The sleep schedule improves alertness during the night shift and daytime sleep after the shift. But it also provides a “compromise” that helps night-shift workers on days off.
It enables them to get the sleep they need; but it also gives them more free time during the day.
“We think that most real shift workers want to be awake on their days off,” lead author Mark Smith, PhD, previously told the AASM.
Here’s the “compromise” sleep schedule for night-shift workers:
- Sleep from 8:30 a.m. to 3:30 p.m. after regular night shifts.
- Sleep from 8:30 a.m. to 1:30 p.m. after the last night shift before a weekend off.
- Sleep from 3 a.m. to noon on days off.
The studies also used three light-related strategies to increase the effectiveness of this schedule. Light is an important timing cue that helps your body regulate sleep and alertness.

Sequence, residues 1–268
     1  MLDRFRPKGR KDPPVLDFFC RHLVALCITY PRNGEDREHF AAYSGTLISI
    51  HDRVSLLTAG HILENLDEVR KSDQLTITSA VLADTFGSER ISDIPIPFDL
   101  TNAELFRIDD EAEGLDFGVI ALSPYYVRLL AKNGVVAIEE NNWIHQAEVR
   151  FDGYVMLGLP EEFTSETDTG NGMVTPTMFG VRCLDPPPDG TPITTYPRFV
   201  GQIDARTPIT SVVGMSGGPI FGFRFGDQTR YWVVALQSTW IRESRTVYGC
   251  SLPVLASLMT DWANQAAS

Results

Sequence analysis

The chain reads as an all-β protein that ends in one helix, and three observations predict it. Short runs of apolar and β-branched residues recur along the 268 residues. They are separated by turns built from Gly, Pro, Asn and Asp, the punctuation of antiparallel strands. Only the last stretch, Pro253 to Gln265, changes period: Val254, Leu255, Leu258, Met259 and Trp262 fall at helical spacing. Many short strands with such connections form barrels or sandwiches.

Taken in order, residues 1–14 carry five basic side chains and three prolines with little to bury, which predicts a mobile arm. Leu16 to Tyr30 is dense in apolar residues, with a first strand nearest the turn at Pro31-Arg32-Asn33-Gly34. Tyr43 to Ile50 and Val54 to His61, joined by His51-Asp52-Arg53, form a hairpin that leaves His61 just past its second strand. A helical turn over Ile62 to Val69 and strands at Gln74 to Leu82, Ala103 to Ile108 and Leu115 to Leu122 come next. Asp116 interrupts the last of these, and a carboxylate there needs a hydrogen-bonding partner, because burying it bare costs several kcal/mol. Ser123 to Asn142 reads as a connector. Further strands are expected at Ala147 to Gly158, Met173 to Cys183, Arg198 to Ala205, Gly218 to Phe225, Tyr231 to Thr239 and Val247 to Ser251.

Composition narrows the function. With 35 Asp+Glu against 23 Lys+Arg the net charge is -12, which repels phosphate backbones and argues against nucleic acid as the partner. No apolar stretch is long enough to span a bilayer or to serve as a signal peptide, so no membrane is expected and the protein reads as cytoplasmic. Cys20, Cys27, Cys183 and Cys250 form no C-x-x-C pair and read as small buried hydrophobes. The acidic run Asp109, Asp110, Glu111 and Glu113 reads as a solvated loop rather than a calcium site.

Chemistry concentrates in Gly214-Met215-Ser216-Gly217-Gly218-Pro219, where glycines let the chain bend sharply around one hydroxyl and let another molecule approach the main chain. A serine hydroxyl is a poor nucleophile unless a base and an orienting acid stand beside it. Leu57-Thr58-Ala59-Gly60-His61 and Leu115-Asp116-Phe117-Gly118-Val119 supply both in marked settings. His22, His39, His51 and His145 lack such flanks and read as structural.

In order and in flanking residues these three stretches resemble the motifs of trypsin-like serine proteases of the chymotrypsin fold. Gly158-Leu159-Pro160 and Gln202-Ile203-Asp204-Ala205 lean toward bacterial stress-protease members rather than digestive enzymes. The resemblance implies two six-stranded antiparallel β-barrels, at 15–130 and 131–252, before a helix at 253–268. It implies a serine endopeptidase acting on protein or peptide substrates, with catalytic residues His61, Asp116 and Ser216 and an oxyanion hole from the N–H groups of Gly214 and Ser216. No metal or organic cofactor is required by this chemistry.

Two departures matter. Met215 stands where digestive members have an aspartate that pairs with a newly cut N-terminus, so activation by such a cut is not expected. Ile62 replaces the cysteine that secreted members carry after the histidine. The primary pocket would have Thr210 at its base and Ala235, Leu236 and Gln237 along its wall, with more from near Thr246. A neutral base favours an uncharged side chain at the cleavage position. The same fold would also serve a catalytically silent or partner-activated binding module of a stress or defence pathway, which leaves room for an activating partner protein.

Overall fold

First, workers received bright light therapy during simulated 11 p.m. to 7 a.m. night shifts. Light boxes were used during four, 15-minute sessions.
The first session began at 12:45 a.m. These sessions were repeated hourly, with the final session ending at 4 a.m.
Second, workers had to go outside within the first two hours after waking up. They needed to get at least 15 minutes of exposure to daylight.
Third, the workers wore dark sunglasses at all times when outside during the day. This was most important when traveling home after a night shift.
The current study found that workers had improved mood, fatigue and performance during night shifts when following the compromise sleep schedule. These levels were similar to daytime measurements obtained during “9 to 5” work days.
The authors caution that the participants were not real shift workers; they were young volunteers. The “night shifts” were conducted in a laboratory. So the compromise sleep schedule still needs to be tested in real night-shift workers.
Learn about shift work sleep disorder on SleepEducation.com.